Experiment

<p>In its simplest meaning, a process or study that results in the collection of <a href="/category/glossary/data">data</a>, the outcome of which is unknown.</p>
<p>In the statistical literacy thread at Level Eight, experiment has a more specific meaning. Here an experiment is a study in which a researcher attempts to understand the effect that a <a href="/category/glossary/variable">variable</a> (an <a href="/category/glossary/explanatory-variable">explanatory variable</a>) may have on some phenomenon (the response) by controlling the conditions of the study.</p>
<p>In an experiment the researcher controls the conditions by allocating individuals to groups and allocating the value of the explanatory variable to be received by each group. A value of the explanatory variable is called a <a href="/category/glossary/treatment">treatment</a>.</p>
<p>In a well-designed experiment the allocation of subjects to groups is done using <a href="/category/glossary/randomisation">randomisation</a>. Randomisation attempts to make the characteristics of each group very similar to each other so that if each group was given the same treatment the groups should respond in a similar way, on average.</p>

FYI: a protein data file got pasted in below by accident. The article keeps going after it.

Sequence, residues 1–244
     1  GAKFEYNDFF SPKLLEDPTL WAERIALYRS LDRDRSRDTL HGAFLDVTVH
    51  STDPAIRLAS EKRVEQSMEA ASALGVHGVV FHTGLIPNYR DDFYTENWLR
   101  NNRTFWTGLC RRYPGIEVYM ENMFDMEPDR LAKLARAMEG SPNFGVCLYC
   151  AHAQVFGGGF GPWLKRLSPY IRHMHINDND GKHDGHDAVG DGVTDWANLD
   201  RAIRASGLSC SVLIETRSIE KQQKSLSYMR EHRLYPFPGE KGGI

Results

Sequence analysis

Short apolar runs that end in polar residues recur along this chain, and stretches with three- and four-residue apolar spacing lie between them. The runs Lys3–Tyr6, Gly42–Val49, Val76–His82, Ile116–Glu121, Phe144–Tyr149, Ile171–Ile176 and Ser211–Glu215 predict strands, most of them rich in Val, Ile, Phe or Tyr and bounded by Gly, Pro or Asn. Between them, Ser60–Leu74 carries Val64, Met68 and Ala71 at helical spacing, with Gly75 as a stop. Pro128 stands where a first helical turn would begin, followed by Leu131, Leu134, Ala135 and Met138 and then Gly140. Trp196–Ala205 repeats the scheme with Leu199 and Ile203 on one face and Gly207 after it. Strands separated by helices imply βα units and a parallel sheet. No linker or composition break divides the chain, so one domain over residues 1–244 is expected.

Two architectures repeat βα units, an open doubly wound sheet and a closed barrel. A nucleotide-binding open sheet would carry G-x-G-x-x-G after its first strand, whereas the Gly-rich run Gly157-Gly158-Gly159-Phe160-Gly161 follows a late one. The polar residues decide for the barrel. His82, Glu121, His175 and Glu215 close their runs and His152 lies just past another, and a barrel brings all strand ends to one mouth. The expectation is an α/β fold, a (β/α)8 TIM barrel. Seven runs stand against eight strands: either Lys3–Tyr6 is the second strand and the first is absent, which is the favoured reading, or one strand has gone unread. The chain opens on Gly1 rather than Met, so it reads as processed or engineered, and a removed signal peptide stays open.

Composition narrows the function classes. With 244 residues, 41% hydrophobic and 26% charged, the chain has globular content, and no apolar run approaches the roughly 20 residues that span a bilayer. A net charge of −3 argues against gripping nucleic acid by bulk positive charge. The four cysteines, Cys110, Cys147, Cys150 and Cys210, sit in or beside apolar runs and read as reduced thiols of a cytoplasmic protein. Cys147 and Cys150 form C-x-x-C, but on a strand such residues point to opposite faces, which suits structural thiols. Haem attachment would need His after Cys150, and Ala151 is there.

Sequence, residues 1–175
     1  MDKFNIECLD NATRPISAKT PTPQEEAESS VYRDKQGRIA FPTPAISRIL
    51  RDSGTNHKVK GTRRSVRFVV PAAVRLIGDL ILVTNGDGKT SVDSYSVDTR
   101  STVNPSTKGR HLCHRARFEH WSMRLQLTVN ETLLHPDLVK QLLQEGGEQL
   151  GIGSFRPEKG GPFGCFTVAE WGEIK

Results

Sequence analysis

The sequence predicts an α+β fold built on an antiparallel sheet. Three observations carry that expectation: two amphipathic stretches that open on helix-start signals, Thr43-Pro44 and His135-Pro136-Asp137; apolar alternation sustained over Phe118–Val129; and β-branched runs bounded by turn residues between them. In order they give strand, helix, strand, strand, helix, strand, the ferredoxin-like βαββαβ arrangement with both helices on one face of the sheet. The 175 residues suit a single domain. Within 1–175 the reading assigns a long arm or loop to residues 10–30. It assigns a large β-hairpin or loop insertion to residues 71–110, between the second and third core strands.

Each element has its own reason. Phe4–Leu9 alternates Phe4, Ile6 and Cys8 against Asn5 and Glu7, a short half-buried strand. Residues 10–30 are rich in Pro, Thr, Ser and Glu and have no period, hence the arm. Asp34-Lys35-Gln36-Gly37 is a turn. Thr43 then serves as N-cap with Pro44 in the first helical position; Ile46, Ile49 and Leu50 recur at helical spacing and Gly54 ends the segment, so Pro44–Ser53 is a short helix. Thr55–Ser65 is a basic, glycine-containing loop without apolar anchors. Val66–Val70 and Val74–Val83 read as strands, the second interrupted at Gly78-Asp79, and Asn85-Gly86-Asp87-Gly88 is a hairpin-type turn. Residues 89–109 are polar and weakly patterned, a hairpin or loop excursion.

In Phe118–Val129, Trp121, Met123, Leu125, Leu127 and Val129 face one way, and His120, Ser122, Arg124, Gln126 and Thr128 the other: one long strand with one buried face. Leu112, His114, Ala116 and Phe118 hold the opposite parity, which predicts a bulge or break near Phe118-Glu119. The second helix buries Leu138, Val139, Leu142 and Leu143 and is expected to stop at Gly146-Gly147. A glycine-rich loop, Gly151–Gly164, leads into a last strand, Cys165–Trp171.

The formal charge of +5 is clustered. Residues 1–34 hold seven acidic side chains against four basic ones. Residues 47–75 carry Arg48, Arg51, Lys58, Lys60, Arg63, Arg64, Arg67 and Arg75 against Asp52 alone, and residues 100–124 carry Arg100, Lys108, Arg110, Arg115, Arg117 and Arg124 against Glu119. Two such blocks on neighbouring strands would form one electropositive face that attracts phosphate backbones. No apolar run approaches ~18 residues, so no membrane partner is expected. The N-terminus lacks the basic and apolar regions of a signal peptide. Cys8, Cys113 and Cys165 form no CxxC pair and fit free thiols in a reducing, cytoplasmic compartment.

<p>Experiments usually have a <strong>control group</strong>, a group that receives no treatment or receives an existing or established treatment. This allows any differences in the response, on average, between the control group and the other group(s) to be visible.</p>
<p>When the groups are similar in all ways apart from the treatment received, then any observed differences in the response (if large enough) among the groups, on average, is said to be caused by the treatment.</p>
<p><strong>Example</strong></p>
<p>In the 1980s the Physicians&rsquo; Health Study investigated whether a low dose of aspirin had an effect on the risk of a first heart attack for males. The study participants, about 22,000 healthy male physicians from the United States, were randomly allocated to receive aspirin or a <a href="/category/glossary/placebo">placebo</a>. About 11,000 were allocated to each group.</p>
<p>This is an experiment because the researchers allocated individuals to two groups and decided that one group would receive a low dose of aspirin and the other group would receive a placebo. The treatments are aspirin and placebo. The response was whether or not the individual had a heart attack during the study period of about five years.</p>
<p>See: <a href="/category/glossary/causal-relationship-claim">causal-relationship claim</a>, <a href="/category/glossary/placebo">placebo</a>, <a href="/category/glossary/randomisation">randomisation</a></p>
<p><strong>Curriculum achievement objectives references</strong>
Statistical investigation: Levels 5, (6), 7, 8
Statistical literacy: Level 8</p>